Cystinuria Type I-A
Relevance Rating: There is some evidence or research available for these breeds
Relevance Rating: The test is unknown, there is no evidence (i.e. research) available, or it has not been evaluated yet. These tests may or may not be meaningful for these breeds
Relevance Rating: All current available evidence has been reviewed, but relevancy is inconclusive, AND/OR the clinical form of this disease has never been seen for these breeds
Cystinuria Type I-A
Gene Name 2
Cystinuria is disorder that affects a dog's ability to filter cystine out of urine. Cystine is generally insoluble in the acidic conditions of canine urine, allowing it to crystallize and form caliculi, also known as stones. Not every dog that has the mutation responsible for Cystinuria will exhibit symptoms. Stones causing inflammation and blockage are often more common in males, due to their long, narrow urethra. Females exhibit symptoms much less frequently and may never show signs of disease. In many breeds, symptoms are first noted at around 4-5 years. However, Newfoundlands carry a more severe form that other breeds, with problems developing and noticed at 6-12 months. Newfoundlands are much more likely to experience recurring urethral blockages, and require surgical intervention. Please note that the tests, and type of inheritance, and mutations for Cystinuria vary by breed. It is important to choose a test appropriate for your breed/type.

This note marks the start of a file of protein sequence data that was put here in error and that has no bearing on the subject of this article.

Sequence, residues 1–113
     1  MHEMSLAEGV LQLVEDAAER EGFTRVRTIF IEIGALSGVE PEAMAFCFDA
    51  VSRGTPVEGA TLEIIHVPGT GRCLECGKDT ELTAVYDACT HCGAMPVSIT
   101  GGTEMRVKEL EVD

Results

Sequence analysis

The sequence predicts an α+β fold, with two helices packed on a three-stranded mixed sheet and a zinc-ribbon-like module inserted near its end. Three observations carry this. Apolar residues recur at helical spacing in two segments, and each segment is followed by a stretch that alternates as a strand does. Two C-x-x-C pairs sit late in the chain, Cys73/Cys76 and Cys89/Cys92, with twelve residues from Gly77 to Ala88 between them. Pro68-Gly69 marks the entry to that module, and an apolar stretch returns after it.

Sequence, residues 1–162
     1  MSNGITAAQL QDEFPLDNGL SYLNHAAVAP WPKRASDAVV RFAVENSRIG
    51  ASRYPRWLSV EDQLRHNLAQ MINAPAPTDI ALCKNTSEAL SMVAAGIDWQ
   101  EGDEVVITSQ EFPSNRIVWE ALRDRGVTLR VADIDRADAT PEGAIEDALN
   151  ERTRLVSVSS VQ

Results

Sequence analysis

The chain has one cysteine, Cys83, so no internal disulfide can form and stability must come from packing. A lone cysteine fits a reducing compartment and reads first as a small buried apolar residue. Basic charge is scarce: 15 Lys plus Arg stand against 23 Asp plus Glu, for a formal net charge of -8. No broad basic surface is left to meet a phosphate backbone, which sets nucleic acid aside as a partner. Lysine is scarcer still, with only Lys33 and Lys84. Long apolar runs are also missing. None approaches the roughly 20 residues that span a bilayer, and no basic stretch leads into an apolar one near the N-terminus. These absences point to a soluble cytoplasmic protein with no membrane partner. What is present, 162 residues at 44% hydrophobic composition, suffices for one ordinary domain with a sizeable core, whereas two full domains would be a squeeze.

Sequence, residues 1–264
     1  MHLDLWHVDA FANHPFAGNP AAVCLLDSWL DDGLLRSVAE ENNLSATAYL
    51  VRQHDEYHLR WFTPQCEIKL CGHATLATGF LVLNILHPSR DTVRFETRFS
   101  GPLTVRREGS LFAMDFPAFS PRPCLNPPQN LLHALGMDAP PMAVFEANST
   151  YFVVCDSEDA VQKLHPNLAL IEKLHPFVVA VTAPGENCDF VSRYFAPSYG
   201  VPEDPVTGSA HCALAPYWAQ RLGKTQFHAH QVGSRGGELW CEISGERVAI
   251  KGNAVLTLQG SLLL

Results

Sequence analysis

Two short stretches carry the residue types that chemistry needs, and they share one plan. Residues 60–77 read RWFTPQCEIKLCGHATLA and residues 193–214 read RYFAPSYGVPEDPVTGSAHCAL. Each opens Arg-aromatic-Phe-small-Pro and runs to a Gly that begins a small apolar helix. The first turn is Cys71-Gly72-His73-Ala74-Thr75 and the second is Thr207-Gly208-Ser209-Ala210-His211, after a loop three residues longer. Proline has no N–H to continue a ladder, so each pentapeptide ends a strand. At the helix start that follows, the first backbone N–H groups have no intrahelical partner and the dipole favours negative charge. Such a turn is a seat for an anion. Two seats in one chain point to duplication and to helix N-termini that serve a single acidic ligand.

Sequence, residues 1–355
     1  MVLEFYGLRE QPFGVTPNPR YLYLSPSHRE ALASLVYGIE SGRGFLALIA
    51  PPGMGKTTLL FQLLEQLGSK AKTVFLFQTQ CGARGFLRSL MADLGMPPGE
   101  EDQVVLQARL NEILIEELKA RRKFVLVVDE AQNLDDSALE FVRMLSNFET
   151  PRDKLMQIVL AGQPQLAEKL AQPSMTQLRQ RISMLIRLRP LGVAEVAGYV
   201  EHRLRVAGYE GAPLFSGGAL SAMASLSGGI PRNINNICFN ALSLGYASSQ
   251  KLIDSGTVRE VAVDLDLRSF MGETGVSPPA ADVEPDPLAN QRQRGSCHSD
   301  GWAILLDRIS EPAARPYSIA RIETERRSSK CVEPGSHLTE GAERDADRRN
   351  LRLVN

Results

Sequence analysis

Presenting signs include recurrent cystitis, hematuria, and stranguria. Calculi may become lodged in the urinary bladder, urethra, or kidney, causing partial or complete urinary blockage. A relatively earlier age of onset has been identified in Newfoundlands compared to other breeds that develop cystinuria. Diagnosis is achieved by identifying characteristically hexagonal cystine crystals in urine sediment, or cystine calculi in stone analysis. Metabolic screening tests on urine (cyanide nitroprusside test, amino acid chromatography or amino acid quantification) can detect cystinuria before or after clinical onset. Since cystine easily precipitates in acidic urine to form uroliths, treatment includes alkalinization of the urine, high fluid intake, and drugs that increase cystine solubility (Harnevik et al., 2006)
Henthorn, P.S., Liu, J.L., Gidalevich, T., Fang, J.K., Casal, M.L., Patterson, D.F., Giger, U. : Canine cystinuria: polymorphism in the canine SLC3A1 gene and identification of a nonsense mutation in cystinuric Newfoundland dogs Human Genetics 107:295-303, 2000. Pubmed reference: 11129328.
Brons, A.K., Henthorn, P.S., Raj, K., Fitzgerald, C.A., Liu, J., Sewell, A.C., Giger, U. : SLC3A1 and SLC7A9 mutations in autosomal recessive or dominant canine cystinuria: a new classification system. J Vet Intern Med 27:1400-8, 2013. Pubmed reference: 24001348. DOI: 10.1111/jvim.12176.